2.      To examine the scope and standard of training and other personnel development activities in the Police to determine their adequacy or otherwise.

3.      To determine the general and specific causes of the collapse of public confidence in the police and recommend ways of restoring public trust in the institution.

4.      To examine records of performance of Officers and Men of the Nigeria Police Force with a view to identifying those that can no longer fit into the system due to declining productivity, age, indiscipline, corruption and/or disloyalty.

5.      To make any other recommendations for the improvement of the Nigeria Police Force.

The statement added that the Committee’s recommendations shall be implemented along with those of previous committees set up by Government towards reforming of the Force.

Police chief Ringim cuts short US visit, following summons by Senate

Mr HAFIZ A. RINGIM Inspector General of Police

On 29 June, the Inspector-General of Police, Mr Hafiz Ringim, cut short his scheduled five-day working visit to the United States, in order to return home and honour a Senate invitation to testify on the security situation in the country.   

Ringim, who arrived Washington DC on 26 June, had held some talks with US government officials, and was scheduled to deliver a keynote address on 30 June at a conference on “The Challenge of Police Reform in Africa’’,  organised by the Centre for Strategic and International Studies (CSIS). 

However, he decided to return home after the Senate, rising from its 28 June deliberations on the security incidents in the country, summoned security chiefs to brief it on the situation.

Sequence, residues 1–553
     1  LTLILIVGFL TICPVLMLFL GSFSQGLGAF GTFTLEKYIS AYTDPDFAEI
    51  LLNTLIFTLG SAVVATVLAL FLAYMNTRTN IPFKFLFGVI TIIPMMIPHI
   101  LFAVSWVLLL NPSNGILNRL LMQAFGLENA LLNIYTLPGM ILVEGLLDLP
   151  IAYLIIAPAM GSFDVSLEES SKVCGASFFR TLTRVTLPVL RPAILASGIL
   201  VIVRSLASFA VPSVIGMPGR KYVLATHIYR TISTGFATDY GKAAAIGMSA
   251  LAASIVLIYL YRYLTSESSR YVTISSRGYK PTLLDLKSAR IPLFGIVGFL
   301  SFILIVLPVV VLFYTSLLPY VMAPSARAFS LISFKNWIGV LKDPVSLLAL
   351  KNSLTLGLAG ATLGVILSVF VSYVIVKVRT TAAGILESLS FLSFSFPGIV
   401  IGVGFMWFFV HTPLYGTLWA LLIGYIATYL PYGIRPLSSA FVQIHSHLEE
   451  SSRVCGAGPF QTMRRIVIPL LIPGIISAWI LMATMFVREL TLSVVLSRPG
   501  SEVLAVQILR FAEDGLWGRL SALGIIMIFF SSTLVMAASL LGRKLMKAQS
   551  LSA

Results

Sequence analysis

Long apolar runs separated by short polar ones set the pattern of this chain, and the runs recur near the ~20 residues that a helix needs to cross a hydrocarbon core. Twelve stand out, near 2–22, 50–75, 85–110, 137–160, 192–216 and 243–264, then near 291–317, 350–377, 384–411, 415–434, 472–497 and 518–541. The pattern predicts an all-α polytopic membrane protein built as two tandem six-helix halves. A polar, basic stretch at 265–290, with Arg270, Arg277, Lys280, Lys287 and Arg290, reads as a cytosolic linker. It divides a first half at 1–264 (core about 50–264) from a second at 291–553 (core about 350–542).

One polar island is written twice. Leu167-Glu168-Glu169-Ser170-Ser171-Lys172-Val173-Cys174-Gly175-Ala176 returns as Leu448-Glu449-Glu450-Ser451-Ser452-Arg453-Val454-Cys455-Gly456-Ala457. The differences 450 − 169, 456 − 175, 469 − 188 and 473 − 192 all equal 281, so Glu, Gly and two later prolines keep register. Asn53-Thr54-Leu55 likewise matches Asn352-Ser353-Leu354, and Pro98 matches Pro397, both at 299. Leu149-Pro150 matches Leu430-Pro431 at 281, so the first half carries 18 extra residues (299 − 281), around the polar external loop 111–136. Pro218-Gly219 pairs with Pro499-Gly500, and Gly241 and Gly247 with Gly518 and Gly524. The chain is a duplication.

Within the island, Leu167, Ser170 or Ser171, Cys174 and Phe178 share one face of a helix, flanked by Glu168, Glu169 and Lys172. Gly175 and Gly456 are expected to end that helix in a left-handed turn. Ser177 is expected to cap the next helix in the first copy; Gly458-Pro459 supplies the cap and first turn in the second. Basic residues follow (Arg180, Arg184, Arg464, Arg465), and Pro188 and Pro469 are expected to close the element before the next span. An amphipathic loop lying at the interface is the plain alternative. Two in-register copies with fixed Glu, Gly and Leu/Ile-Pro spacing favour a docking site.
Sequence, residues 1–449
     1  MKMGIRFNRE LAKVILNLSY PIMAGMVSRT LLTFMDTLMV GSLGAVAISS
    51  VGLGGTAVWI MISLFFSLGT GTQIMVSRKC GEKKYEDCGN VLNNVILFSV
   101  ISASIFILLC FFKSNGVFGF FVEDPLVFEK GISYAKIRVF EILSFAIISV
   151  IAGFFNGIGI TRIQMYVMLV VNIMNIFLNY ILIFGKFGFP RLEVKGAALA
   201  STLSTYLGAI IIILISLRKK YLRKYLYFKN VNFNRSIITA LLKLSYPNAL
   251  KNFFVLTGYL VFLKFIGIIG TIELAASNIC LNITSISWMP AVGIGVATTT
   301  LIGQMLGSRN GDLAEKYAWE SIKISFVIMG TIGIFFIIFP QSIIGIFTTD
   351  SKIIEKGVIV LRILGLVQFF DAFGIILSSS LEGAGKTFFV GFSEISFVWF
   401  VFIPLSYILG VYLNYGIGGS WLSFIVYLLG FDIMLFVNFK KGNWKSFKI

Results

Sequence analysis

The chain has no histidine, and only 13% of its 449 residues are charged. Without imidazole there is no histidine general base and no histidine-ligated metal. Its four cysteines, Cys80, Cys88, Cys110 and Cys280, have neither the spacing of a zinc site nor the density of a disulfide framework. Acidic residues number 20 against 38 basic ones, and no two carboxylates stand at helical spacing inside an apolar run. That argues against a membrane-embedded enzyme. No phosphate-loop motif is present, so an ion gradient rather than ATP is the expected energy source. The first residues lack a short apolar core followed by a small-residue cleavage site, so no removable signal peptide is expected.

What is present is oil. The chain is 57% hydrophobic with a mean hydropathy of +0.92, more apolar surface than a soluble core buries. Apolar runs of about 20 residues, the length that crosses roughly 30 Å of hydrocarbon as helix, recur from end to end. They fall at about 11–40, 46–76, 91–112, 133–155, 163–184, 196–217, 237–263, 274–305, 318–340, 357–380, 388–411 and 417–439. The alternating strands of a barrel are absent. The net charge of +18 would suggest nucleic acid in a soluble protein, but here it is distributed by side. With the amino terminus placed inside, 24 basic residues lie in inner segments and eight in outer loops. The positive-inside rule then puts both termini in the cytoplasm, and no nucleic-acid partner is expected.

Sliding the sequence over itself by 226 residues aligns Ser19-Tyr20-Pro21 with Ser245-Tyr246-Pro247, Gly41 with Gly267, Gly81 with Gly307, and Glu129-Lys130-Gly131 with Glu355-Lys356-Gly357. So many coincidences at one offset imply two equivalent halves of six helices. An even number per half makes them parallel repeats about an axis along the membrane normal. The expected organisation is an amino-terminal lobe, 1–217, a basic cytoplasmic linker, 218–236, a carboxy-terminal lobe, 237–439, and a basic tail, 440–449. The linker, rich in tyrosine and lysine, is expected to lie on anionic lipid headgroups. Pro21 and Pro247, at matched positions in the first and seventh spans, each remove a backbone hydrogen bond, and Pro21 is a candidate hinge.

A spokesperson of the CSIS thereafter phoned the News Agency of Nigeria (NAN) in New York to say that the Inspector General would no longer attend the event.

The spokesperson reportedly said: “He (Ringim) called this morning (Wednesday) to inform us that he will be leaving Washington tonight to honour an invitation from the Senate on the security situation in the country’’.

IGP Hafiz Ringim in US on five-day working visit

Mr HAFIZ RINGIM Inspector General of Police

On 26 June, the Inspector-General of Police, Mr Hafiz Abubakar Ringim, arrived in Washington DC, at the start of a five-day working visit to the United States of America.

The North America correspondent of the News Agency of Nigeria (NAN) reports that the Police chief is in Washington for talks with US government officials on the current security situation in Nigeria, and also as a major participamt at a conference on police reform in Africa.

The report, quoting an official at the Nigerian Embassy in Washington who craved annonymity, said: “Ringim will meet with FBI officials on Monday (27 June) and will also hold meetings with State Department officials on issues of security concern”.

On 30 June, the Police chief will deliver a keynote address at a conference on ‘The Challenge of Police Reform in Africa’, being organised by the Centre for Strategic and International Studies (CSIS) in Washington.

According to the organisers of the event, Mr Ringim’s address will be titled ‘Towards an era of democratic policing in Nigeria’ and he will “discuss his efforts to turn the continent’s largest police organisation into an accountable, professional, publicly-oriented service”. The lecture will also mark the end of a year-long study into the challenges of police reform in Africa by the CSIS, an American institution which provides strategic insights and policy solutions to decision-makers in government, international institutions, the private sector and civil society.

An official at the Nigerian embassy told NAN that US assistance and cooperation was vital to the battle against terrorism in Nigeria.